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Jemima Kirke and Chris O'Dowd on 'Girls' (Photo: HBO)
Jemima Kirke and Chris O'Dowd on 'Girls' (Photo: HBO)
Jemima Kirke and Chris O’Dowd on ‘Girls’ (Photo: HBO)

If you’re under 35 and female, you probably came of age unhealthily obsessed with everything (and everyone) the Sex and the City crew did. But things have changed a bit since Carrie and Samantha were NYC’s queen bees. Mind The Gap caught up with two single British women who know their way around the modern New York dating scene, where most of the groundwork is now done online.

“Meeting people in London was a lot more straightforward,” says Temi, 27, a Brooklynite of two-and-a-half years. “Being an expat, you don’t have that established group of people to introduce you around.” So Temi turned to online dating. “I thought it was a bit creepy at first, and I never would have used dating sites back home,” she says. Now, though, she’s a convert.

Abigail Claire, 26, who moved to Manhattan nearly five years ago, is a U.S. dating-site pro. “I’ve used OkCupid, Tinder, Hinge; you name it. The best thing is I’ve met some really cool and interesting people and stayed friends with them.” It takes longer for relationships to get serious in the U.S., she explains, so there are typically no hard feelings if things don’t work out after a few months.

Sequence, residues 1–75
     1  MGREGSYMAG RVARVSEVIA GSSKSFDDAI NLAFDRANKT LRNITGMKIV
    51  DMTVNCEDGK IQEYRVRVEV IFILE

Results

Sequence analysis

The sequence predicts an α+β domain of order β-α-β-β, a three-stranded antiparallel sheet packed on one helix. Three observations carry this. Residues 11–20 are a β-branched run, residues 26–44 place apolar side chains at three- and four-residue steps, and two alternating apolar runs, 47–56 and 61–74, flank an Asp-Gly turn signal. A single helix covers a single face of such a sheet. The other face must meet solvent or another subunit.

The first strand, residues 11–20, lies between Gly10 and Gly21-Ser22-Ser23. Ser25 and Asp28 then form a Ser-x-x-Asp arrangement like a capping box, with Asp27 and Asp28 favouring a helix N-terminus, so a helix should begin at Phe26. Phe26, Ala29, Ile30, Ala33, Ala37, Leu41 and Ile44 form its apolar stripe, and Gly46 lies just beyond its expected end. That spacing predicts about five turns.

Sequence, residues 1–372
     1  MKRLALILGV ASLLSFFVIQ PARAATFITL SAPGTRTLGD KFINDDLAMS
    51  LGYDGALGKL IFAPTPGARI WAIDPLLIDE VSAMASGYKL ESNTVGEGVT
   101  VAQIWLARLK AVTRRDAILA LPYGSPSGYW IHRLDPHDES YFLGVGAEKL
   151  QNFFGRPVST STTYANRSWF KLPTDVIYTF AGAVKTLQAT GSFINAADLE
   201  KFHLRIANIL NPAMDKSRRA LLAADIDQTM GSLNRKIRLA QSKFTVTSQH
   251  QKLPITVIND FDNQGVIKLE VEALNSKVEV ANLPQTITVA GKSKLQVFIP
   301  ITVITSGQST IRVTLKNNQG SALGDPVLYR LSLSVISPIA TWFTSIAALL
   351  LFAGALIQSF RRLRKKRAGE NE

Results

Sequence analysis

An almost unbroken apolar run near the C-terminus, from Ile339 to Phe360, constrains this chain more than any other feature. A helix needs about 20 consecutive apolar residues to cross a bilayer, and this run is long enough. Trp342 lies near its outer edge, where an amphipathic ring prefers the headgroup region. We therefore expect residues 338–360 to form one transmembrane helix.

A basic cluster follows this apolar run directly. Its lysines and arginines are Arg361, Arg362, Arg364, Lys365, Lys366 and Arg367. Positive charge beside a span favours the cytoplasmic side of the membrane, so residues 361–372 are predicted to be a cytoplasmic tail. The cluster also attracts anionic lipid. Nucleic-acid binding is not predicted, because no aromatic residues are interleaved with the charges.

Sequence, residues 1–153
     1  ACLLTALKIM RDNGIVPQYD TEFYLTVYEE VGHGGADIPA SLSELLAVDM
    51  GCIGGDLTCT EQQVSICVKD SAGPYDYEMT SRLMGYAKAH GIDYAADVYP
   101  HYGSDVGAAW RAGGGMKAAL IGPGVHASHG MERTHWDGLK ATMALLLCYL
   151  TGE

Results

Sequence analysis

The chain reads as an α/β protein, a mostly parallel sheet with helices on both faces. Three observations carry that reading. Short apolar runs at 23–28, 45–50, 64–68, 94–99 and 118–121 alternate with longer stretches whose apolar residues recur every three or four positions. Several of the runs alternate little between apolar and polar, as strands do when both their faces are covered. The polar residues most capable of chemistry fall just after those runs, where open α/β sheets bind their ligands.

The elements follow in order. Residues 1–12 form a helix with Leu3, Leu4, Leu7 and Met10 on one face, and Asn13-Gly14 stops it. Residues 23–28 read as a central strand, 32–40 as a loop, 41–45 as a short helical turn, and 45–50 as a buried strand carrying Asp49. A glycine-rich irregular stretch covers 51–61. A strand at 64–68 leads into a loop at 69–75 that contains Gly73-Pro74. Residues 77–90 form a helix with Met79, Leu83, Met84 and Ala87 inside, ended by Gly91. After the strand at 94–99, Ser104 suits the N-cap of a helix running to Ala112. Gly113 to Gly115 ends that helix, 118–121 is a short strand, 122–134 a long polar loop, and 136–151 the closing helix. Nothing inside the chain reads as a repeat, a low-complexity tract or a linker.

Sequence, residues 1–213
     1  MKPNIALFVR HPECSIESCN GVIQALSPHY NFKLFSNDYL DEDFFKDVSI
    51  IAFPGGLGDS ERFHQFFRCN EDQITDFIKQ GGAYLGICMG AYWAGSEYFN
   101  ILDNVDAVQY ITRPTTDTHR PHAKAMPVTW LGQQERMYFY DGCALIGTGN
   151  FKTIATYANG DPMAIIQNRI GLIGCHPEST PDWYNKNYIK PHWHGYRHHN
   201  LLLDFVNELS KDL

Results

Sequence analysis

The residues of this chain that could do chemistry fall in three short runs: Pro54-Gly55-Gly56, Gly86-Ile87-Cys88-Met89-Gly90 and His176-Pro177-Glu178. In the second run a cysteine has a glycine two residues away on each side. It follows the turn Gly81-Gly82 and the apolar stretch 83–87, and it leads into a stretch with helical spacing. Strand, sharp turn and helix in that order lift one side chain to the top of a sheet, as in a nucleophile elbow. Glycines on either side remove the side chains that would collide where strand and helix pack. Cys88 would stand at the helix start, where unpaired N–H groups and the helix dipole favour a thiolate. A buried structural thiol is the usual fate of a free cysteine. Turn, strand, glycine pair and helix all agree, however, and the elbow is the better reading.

“There’s a guy who I dated for five or six months and I just moved to his neighborhood,” says Abigail. “If I bumped into him on the street I’d say, ‘Let’s go for coffee.’ If I bumped into one of my ex-boyfriends in Britain, I don’t think I’d be as forthcoming.”

But be warned single ladies in NYC: not everyone you’ll meet online is friend-worthy, let alone bed-worthy. “For two hours, all one guy talked about was food and the science of food,” Abigail recalls. “He cut all my food up for me and wouldn’t let me use my own fork. Then he put food in my mouth. Online, the man seemed normal to a fault, but turned out to be a proper weirdo. Another guy I went out with had a phobia of nudity. He told me that if he showered he’d have to wear a glove, a hat or a tie. He was scared of his own nakedness.”